Direction of flagellum beat propagation is controlled by proximal/distal outer dynein arm asymmetry.
Edwards BFL., Wheeler RJ., Barker AR., Moreira-Leite FF., Gull K., Sunter JD.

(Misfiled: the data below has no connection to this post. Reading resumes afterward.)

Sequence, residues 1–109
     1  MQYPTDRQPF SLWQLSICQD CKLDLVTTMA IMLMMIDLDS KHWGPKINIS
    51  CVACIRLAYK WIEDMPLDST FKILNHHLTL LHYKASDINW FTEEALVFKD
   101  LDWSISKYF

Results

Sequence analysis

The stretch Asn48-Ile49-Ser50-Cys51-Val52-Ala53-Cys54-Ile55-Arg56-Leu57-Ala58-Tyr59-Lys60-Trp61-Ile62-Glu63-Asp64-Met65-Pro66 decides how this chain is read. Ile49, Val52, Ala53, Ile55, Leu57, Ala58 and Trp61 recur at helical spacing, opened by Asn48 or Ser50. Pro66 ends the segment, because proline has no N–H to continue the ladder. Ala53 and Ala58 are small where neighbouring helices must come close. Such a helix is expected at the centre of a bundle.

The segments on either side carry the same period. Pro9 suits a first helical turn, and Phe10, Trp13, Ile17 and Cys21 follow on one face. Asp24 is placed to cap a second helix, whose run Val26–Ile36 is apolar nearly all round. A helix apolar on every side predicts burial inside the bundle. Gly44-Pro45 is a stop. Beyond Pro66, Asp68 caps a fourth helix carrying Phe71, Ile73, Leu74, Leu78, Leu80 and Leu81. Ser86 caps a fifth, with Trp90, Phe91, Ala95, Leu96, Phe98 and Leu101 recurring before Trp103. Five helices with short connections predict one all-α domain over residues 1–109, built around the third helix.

The 9 + 2 axoneme structure of the motile flagellum/cilium is an iconic, apparently symmetrical cellular structure. Recently, asymmetries along the length of motile flagella have been identified in a number of organisms, typically in the inner and outer dynein arms. Flagellum-beat waveforms are adapted for different functions. They may start either near the flagellar tip or near its base and may be symmetrical or asymmetrical. We hypothesized that proximal/distal asymmetry in the molecular composition of the axoneme may control the site of waveform initiation and the direction of waveform propagation. The unicellular eukaryotic pathogens Trypanosoma brucei and Leishmania mexicana often switch between tip-to-base and base-to-tip waveforms, making them ideal for analysis of this phenomenon. We show here that the proximal and distal portions of the flagellum contain distinct outer dynein arm docking-complex heterodimers. This proximal/distal asymmetry is produced and maintained through growth by a concentration gradient of the proximal docking complex, generated by intraflagellar transport. Furthermore, this asymmetry is involved in regulating whether a tip-to-base or base-to-tip beat occurs, which is linked to a calcium-dependent switch. Our data show that the mechanism for generating proximal/distal flagellar asymmetry can control waveform initiation and propagation direction.